“Winging it” won’t Improve your next Presentation–Try Practicing Your Compelling Message.

I’VE FAILED OVER AND OVER AND OVER AGAIN IN MY LIFE AND THAT IS WHY I SUCCEED. -MICHAEL JORDAN

Having been a presentation and communication coach for thirty plus years it is obvious to me that a speaker’s message is important. Because if you don’t have a message why give the speech. The most powerful message needs to be clear, concise and compelling. Yet the truth is that most people listen and understand the meaning and importance of a message with their eyes. Living in Texas for a few years I saw a great example when the Texas Department of Transportation coin a powerful and visual slogan for encouraging the citzen’s of Texas not to litter–”Don’t Mess with Texas”  The main feature of the campaign were the Dallas Cowboys and Houston Astro players making an emotional appeal to good old boys and others to not mess up the environment. The campaign reduced roadside litter by 29%. I guess real men don’t throw beer cans out the car window.

How many presentations and lectures have you heard? Let’s say 3000-5000. Of these speeches and presentations how many were truly extraordinary? How many do you remember? How many changed your behavior? I’ve asked  my clients and students this question for many years. Their answer is that they could count them on one hand. The critical question then becomes–What are the factors that make these presenters or speeches memorable and extraordinary ?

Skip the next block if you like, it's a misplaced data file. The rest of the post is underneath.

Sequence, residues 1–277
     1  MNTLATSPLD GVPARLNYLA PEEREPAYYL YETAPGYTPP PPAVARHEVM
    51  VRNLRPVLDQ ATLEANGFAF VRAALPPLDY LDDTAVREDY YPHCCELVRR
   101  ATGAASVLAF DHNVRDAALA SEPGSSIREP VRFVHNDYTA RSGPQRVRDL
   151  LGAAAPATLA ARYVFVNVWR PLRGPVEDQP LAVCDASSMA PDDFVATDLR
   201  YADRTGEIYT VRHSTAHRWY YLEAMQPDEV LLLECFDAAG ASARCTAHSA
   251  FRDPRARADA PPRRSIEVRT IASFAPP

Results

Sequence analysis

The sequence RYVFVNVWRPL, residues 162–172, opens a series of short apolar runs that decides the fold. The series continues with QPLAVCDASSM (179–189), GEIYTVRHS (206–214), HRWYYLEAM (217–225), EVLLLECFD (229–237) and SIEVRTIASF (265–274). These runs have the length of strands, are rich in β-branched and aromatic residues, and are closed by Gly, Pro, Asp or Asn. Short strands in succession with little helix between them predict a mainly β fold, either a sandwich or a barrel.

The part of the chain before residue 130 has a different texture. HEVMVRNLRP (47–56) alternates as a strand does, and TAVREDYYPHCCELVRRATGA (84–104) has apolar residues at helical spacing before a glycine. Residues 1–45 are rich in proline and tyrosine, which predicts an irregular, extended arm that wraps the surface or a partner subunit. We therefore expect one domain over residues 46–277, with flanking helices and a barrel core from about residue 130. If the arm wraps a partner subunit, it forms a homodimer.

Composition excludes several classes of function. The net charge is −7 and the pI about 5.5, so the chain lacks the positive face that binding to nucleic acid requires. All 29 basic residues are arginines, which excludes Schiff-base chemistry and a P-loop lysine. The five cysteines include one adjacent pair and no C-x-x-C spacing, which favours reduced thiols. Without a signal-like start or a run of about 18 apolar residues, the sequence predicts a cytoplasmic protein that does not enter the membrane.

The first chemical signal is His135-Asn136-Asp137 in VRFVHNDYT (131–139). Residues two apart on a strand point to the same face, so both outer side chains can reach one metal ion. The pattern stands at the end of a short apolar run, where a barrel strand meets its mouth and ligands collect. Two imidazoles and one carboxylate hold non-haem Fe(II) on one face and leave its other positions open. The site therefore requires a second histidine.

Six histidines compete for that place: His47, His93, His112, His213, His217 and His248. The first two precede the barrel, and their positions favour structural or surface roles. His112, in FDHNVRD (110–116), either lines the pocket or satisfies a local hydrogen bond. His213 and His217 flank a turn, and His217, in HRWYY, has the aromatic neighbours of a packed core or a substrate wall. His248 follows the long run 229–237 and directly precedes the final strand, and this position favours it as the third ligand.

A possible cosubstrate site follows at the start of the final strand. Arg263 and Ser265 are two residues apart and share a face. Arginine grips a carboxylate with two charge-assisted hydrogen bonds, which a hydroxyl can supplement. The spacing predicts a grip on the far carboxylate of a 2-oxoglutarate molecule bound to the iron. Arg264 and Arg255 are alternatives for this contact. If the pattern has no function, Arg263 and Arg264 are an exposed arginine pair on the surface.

1. Being comfortable within your own skin –calm and confident presence is important . It signals to the audience your confidence and credibility.  And therefore,  perceived as comfortable, genuine,  and natural when speaking.

2. Being inspirational and connecting in unique ways so that people can relate and trust you and what you are saying.

3. Saying something that is relevant and important to their life and situations demonstrate your sensitivity and empathy.

In the next few posts, I will review Dr. Albert Mehrabian communication research that is presented in his book, Silent Messages . The book highlights the importance of verbal and non-verbal messages  used to enhance a speaker’s awareness of the subtle aspects of interpersonal communication and improve one’s ability to make unique connections with audience members. The author divides communication skills into three critical factors that we must be aware of  when presenting : verbal message, vocals (volume and inflections such as warmth and sarcasm) and non-verbal body language and presence.  It might surprise many of you that only a small 7 % of our words are truly understood or hit our objective.  Vocal (volume/tone etc.) which goes beyond the words have a greater impact of 38% of the audience. The majority of what we are trying to say is communicated through our non-verbal or visual impact 55%. So in trying to connect and being liked by others our biggest challenge is to have our words, tone and non-verbal signals aligned so that we are perceived as authentic. Stay tuned for more…

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